For His Eyes Only
Lieutenant Jade Parker, Damage Control Officer on the U.S.S. Baddager, has been assigned to babysit actor Mack Reese when he comes aboard her ship to research a part. Jade doesn’t want the duty at all, but the minute they meet, the attraction between them sparks.
Jade is a tough-as-nails woman who doesn’t put up with anything. She is good at her job and dedicated to it. She has to be – a woman in a man’s world can’t give anyone anything to criticize. Her job is interesting and difficult, from leading the firemen to cleaning up toxic waste. She was definitely my favorite character.
Reese is not what he seems. His profile as an actor is a cover for his true job as an undercover operative. Reese turned me off for about the first quarter of the book because his thoughts ran along the lines of using Jade as a means to an end and how he could manipulate her into helping him find out what he needed to know, using any means necessary including getting her to sleep with him. Yes, he was fighting an attraction to her, but he was also thinking about how to use it to his advantage. The only thing that keeps him from being completely unlikable at first is that he really never suspects Jade as being involved in what he is investigating, and part of his manipulation is to get her to trust him so that he can confide in her and get his job done. Also, I imagine that true operatives have to do things they don’t like, and he did feel bad about his deceit. Once he decides to tell Jade the truth, or most of it, and they work together, he was much more likable.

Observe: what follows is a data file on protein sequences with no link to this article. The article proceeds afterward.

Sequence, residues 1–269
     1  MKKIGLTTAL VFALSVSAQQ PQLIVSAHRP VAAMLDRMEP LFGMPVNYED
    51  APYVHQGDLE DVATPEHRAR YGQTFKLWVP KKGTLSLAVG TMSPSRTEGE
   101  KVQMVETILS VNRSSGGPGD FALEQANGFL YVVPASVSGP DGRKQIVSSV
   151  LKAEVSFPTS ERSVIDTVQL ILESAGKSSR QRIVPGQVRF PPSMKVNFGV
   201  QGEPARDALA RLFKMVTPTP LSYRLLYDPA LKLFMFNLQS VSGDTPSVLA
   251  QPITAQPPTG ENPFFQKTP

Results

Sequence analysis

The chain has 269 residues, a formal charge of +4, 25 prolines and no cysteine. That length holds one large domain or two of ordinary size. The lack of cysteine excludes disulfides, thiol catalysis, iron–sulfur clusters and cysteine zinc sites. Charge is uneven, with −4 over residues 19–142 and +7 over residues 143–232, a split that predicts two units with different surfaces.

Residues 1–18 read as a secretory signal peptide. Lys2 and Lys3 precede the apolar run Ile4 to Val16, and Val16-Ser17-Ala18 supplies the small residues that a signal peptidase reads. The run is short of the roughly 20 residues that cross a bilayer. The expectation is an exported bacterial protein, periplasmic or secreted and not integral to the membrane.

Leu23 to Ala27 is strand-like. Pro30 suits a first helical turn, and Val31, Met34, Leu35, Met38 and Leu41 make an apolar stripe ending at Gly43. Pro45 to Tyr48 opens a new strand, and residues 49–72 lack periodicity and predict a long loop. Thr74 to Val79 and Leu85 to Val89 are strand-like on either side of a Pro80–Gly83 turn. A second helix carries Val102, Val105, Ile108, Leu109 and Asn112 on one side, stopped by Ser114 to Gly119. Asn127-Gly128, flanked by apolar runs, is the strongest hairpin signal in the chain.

There are several steamy scenes in this book. Irvin’s prose gets a little purple during them, but the prose does get the attraction between Jade and Reese across to the reader. And an original touch – I’ve never come across a hero before who acknowledges a fetish – about the heroine’s hair, no less. Interesting. I did feel that when Jade and Reese realized they loved each other, they were still in the stages of lust. But by the end of the novel, it was a more solid relationship and worked a little better. Jade and Reese both have emotional baggage that is not really necessary to the book. Reese’s issues with the Navy and his father especially seemed superfluous, because the undercover operation and his growing trust with Jade took up most of the time.
Jade’s good friends Karin and Greg and her nemesis Mike Dillon round out the cast and make interesting supporting characters.
Irvin put a lot of her real-life experience in the Navy as a damage control officer into this story, and it made Jade’s job even more interesting reading. This is a solid debut for a new author, and I look forward to reading the next.